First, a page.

Photo of Haven

grid reference TM 188 432

Something we've got wrong about this establishment? Something more you think we should know about it? Please email us

CAMRA Ipswich & East Suffolk branch.

last updated 21/01/2020

Ipswich Haven

also traded as as: Crown Hotel

historical closure era: late 20th century

opened 1928

closed October 2011

346 Felixstowe Rd, IP3 9AA

Overview | Gallery | Historical info | Public transport | Map

Built as one of the "Tolly follies" and opened in 1928. These large new pubs were built by Tollemache brewery as the town rapidly expanded and were styled on features similar to Helmingham hall. The Tollemache family still live at the hall. The brewery was subsequently merged with Cobbold in 1958-59.

After a period of closure, the Haven reopened for a short time as the Crown Hotel, a bar/restaurant/hotel serving four real ales in late May 2009.

It finally closed in late October 2011; with planning permission for residential conversion (granted in 2016) for the building to be converted into housing, which was completed in 2018.

In the April/May 1982 edition of Last Orders*** it was reported that the Haven had been taken over by Charrington and was offering IPA & Crown bitter on handpump.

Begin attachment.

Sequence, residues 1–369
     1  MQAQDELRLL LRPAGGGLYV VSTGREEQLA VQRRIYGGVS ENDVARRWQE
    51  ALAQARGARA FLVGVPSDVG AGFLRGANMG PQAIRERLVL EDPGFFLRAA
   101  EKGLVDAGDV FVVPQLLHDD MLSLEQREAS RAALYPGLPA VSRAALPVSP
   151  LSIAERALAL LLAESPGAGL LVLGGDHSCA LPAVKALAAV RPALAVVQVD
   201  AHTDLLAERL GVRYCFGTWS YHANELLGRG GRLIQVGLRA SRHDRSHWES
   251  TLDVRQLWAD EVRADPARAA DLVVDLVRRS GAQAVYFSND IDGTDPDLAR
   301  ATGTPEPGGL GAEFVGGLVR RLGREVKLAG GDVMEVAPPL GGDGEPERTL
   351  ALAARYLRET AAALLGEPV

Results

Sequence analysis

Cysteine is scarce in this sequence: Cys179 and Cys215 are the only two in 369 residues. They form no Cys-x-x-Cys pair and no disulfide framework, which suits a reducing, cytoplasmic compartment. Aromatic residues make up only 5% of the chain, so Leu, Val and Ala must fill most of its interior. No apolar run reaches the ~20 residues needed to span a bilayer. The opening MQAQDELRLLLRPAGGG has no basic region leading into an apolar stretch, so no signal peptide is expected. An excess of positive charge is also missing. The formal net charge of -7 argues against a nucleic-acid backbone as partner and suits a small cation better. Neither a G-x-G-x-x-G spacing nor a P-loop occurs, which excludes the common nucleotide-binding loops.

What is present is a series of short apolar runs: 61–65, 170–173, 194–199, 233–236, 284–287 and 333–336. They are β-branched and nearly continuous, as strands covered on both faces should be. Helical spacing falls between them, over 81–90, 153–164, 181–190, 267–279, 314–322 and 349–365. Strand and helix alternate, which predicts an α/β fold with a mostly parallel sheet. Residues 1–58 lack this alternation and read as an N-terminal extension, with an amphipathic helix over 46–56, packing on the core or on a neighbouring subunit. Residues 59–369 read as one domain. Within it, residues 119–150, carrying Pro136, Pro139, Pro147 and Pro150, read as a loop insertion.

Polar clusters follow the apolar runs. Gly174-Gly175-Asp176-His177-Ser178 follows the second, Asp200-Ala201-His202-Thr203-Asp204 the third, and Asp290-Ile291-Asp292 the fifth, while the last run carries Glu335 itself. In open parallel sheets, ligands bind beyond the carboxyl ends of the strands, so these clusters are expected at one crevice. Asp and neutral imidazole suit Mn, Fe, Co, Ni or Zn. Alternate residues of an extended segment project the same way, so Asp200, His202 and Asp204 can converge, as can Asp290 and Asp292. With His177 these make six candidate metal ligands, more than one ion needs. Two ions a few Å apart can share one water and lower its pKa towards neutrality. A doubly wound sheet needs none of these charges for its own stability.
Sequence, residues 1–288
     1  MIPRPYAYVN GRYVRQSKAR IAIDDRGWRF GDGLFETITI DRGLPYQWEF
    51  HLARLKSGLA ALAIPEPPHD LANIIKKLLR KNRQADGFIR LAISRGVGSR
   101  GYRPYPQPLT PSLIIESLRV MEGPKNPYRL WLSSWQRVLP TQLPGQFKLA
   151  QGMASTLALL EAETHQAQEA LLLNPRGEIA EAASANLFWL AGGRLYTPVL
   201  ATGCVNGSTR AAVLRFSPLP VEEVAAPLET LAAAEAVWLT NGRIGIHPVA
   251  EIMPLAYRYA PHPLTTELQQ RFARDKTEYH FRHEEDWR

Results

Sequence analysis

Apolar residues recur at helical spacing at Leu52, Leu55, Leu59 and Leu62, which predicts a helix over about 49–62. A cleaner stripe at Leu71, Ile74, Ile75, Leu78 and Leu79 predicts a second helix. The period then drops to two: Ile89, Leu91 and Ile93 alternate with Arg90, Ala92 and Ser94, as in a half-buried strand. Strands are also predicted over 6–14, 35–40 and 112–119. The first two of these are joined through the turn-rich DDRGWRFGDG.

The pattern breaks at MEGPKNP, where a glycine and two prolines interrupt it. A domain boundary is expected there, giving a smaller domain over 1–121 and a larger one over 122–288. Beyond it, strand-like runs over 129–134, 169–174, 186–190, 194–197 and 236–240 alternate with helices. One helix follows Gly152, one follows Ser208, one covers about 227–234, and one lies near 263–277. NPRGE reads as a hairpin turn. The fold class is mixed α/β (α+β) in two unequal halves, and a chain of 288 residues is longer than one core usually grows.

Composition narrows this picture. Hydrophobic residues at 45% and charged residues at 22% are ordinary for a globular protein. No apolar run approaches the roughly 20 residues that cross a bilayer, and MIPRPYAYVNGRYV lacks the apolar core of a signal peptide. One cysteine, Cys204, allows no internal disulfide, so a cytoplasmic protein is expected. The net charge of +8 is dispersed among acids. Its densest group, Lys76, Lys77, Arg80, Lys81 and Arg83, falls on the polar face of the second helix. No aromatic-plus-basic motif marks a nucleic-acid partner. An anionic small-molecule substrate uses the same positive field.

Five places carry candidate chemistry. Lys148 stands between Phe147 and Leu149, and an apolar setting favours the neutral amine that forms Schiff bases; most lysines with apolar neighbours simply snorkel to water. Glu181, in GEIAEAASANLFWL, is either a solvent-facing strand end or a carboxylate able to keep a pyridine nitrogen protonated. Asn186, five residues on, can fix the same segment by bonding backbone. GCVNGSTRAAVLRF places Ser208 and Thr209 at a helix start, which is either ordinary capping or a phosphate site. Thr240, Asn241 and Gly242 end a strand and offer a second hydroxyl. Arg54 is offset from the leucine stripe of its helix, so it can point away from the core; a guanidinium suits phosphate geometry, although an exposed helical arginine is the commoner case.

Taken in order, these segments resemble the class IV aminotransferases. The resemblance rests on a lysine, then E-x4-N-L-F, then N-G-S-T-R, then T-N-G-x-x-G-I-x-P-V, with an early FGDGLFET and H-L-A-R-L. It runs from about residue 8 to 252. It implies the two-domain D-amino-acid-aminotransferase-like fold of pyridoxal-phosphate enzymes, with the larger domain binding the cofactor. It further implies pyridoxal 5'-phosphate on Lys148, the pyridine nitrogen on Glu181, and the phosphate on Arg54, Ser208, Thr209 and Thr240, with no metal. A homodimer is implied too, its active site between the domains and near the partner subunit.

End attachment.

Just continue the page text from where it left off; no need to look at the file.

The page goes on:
(Most pub, location & historic details collated by Nigel, Tony or Keith - original sources are credited)

(*** Last Orders is a free local newsletter - published by Suffolk CAMRA memers since 1978)


Once known as a "Tolly Folly". In the 1930s the Tollemache brewery underwent a large expansion, first taking over the Cambridge Star Brewery and then building a number of vast mock-baronial estate pubs, mostly in Ipswich. The ornate style, and the scale of the expansion, led to these new buildings being known as the Tolly Follies. They were losely based on the design of the Tollemache stately home, Helmingham Hall.

Helmingham Hall is a moated manor house in Helmingham. It was begun by John Tollemache in 1480 and has been owned by the Tollemache family ever since. The house is built around a courtyard in typical late medieval/Tudor style. It is not open to the public.